Text and Images
The classic form of copyright infringement is the direct unauthorized copying of protected text or graphic images in a work that is distributed to the public. Copyright law allows a limited amount of direct copying if the user is quoting material, as in a history book that quotes a source, or in a published book review to illustrate an author's content or style. The source must have attribution, either in the accompanying text or by a reference note. This "fair use" is not very well defined in the law, and each publisher sets its own standards for authors in the interest of avoiding a copyright infringement action by the original author.
The Internet offers nearly limitless opportunities for easy copyright infringement. In addition to directly copying text or images to another web page, anyone who downloads an image for his own use, or uses a "pointer" to bring an image up to his web page, is violating copyright. To avoid copyright infringement, the second user must get permission from the original creator to use the text, image, or link. The use of copyrighted material in an e-book without permission is also a violation.
Digital Reproduction and Display
Unauthorized downloading of copyrighted material is another common form of copyright infringement. While music and video files are sold over the Internet for personal use, copying, selling, or distributing the file without permission represents copyright infringement. This is true whether or not you charge for the work. Any display of an image or text from a copyrighted work for promotional purposes also is a violation of copyright, as is use of that material in an advertisement, T-shirt, or banner.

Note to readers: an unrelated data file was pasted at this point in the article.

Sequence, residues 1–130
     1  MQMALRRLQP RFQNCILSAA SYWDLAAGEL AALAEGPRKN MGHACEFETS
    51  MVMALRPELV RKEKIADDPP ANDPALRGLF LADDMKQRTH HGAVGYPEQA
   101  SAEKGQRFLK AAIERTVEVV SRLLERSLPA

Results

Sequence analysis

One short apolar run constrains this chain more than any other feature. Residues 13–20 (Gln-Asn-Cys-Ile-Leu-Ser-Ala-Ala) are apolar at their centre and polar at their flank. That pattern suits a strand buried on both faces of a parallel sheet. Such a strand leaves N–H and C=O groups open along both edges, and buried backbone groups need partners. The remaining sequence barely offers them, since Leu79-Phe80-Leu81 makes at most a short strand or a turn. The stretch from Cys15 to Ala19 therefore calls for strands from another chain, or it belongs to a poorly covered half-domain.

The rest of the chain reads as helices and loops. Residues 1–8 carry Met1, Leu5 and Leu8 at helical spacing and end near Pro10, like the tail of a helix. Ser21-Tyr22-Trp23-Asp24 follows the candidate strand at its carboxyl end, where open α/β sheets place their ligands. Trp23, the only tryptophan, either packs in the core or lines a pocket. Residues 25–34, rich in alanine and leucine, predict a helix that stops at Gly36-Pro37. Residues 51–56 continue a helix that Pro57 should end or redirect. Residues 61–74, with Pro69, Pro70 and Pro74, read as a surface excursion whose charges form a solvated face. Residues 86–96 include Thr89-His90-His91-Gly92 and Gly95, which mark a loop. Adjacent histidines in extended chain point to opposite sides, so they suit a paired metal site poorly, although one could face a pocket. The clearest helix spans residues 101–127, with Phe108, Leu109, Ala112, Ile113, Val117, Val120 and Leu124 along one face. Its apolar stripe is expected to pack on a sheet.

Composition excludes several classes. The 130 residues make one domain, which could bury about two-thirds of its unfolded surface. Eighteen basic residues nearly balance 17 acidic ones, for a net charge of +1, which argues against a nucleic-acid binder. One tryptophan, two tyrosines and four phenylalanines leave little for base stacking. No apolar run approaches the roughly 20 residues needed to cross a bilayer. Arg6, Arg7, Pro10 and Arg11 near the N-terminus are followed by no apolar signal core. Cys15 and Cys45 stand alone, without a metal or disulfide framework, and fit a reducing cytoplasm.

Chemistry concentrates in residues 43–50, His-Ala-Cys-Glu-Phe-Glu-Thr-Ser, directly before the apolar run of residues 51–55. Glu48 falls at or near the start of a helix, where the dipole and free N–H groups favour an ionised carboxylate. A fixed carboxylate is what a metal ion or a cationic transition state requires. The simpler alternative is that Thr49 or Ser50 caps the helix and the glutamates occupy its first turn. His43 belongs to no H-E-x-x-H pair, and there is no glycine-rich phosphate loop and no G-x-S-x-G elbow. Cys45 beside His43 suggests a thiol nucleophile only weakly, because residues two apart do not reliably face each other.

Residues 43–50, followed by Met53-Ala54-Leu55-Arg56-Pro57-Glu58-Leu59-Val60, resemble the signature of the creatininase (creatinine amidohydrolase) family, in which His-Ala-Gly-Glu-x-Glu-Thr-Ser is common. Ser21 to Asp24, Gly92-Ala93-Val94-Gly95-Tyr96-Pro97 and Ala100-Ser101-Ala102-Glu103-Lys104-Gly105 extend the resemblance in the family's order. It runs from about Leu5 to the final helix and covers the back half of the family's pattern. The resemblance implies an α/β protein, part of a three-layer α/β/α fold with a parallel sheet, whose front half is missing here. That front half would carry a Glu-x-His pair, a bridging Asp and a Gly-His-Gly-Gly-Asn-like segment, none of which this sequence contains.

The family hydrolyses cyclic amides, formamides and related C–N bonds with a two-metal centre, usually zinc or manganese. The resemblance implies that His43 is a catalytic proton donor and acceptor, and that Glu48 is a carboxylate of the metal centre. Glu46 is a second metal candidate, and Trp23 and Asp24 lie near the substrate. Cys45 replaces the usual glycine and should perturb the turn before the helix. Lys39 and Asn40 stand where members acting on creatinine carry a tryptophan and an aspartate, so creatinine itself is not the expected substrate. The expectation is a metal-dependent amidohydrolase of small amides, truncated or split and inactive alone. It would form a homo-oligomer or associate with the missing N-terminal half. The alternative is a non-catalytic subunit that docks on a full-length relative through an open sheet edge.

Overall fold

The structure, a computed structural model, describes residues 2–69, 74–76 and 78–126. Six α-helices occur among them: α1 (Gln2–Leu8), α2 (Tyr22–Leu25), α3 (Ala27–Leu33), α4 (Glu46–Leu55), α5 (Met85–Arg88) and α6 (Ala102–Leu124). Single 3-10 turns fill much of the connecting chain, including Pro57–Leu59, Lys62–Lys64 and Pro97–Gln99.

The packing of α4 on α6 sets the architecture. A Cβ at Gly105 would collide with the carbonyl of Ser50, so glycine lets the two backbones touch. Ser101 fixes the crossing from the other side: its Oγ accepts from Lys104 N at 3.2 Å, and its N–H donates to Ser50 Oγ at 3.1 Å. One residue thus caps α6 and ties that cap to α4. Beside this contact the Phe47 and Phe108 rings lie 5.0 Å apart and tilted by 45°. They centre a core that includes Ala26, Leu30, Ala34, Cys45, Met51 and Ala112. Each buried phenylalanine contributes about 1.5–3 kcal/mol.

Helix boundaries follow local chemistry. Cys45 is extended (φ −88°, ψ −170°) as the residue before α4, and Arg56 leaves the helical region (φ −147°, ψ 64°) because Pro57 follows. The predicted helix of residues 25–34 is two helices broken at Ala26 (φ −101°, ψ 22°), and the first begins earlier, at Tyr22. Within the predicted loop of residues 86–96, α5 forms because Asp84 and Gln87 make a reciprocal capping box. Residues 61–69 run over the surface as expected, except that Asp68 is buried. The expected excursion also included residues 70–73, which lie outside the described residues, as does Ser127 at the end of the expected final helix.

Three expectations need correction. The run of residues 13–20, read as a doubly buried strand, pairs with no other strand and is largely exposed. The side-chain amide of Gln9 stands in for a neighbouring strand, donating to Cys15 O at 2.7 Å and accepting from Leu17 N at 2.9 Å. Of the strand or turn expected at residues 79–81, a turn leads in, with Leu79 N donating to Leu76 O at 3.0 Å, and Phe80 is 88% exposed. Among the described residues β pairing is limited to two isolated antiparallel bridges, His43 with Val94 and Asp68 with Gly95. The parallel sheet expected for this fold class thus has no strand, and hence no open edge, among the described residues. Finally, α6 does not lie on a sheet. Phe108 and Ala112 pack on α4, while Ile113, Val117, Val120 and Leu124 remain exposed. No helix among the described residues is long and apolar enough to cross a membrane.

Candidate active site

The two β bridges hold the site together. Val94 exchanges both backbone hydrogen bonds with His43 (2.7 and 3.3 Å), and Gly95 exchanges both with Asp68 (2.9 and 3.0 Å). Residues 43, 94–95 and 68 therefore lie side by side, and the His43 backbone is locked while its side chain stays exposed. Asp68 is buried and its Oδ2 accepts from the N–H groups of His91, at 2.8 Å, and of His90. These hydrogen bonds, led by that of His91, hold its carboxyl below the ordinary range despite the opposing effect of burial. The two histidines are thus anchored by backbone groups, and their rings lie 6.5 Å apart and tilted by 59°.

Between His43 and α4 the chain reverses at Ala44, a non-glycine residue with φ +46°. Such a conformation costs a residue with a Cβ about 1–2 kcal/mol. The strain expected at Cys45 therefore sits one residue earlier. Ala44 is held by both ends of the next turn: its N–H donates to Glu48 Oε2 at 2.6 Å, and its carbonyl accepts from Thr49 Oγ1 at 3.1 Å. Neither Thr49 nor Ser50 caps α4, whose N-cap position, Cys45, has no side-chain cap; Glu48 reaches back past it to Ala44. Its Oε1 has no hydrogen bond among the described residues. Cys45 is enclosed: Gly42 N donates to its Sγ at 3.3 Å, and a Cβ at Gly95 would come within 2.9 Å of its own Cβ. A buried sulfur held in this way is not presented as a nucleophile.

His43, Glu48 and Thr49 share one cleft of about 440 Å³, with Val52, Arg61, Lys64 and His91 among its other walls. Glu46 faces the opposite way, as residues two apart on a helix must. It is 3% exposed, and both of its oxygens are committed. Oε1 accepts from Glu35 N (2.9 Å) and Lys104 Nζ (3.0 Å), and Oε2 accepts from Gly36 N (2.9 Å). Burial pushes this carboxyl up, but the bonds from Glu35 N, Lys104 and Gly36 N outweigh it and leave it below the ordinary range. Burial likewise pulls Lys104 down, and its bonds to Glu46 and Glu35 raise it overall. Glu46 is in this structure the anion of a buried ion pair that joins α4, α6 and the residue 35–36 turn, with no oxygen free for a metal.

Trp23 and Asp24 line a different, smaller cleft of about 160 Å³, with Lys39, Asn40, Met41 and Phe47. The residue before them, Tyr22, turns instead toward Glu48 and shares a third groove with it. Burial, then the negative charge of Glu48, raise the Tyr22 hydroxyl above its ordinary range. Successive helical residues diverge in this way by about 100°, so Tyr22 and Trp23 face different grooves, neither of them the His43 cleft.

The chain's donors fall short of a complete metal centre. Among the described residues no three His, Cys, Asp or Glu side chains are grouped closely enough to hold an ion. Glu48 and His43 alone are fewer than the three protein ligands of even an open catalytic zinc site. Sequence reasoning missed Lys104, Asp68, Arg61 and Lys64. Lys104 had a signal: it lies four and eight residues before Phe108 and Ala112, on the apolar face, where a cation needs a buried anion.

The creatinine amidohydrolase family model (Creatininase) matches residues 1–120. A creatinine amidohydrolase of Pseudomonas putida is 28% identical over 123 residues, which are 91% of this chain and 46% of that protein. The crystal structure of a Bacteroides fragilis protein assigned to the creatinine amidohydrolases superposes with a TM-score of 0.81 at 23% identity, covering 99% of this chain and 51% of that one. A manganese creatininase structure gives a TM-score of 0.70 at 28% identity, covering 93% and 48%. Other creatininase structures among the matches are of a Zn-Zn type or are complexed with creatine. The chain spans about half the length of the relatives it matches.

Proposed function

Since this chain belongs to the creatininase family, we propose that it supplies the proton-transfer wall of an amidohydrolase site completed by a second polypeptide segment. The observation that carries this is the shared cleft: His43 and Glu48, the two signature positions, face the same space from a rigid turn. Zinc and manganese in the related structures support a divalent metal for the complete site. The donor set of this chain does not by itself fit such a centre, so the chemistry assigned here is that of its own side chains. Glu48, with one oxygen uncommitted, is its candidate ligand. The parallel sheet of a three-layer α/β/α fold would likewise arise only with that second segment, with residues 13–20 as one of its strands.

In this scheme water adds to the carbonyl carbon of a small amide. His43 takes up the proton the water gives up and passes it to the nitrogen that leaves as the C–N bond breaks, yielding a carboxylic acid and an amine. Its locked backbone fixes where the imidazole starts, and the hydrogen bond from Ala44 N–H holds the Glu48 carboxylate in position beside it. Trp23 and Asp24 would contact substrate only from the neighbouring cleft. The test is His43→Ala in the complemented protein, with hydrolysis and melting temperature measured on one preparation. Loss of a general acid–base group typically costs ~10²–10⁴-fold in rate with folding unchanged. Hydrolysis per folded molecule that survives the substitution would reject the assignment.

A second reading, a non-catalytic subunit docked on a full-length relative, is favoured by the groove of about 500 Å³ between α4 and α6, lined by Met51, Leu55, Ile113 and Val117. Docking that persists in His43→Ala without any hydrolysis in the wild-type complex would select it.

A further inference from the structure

Using a photocopier to reproduce a book or magazine article, or any other copyrighted printed material, is a violation of copyright, unless the photocopying is done for strictly personal use. Copyright law allows for limited photocopying for educational use, such as the distribution of a poem or the chapter of a book to students in a literature class. Even for educational use, the law also sets out standards of brevity; for example, copied prose material should be no more than 10 percent of the published work or 1,000 words, whichever is less, and must carry a copyright notice.
Copyright law bans the creation of derivative works that copy the original speech, characters, settings, or plots of another work, if that work is under copyright. Generally, works published in the United States prior to 1923 are not copyrighted. Works created before January 1, 1978 required registration with the U.S. Copyright Office for protection under copyright laws for a 28-year term. Renewal for an additional term of 47 years was then possible. Work created on or after January 1, 1978, subsists from its creation and copyright typically endures for a term consisting of the life of the author and 70 years after the author's death. Copyright protection exists even if the work has not been registered with the U.S. Copyright Office, as long as it was created while the copyright laws were in effect.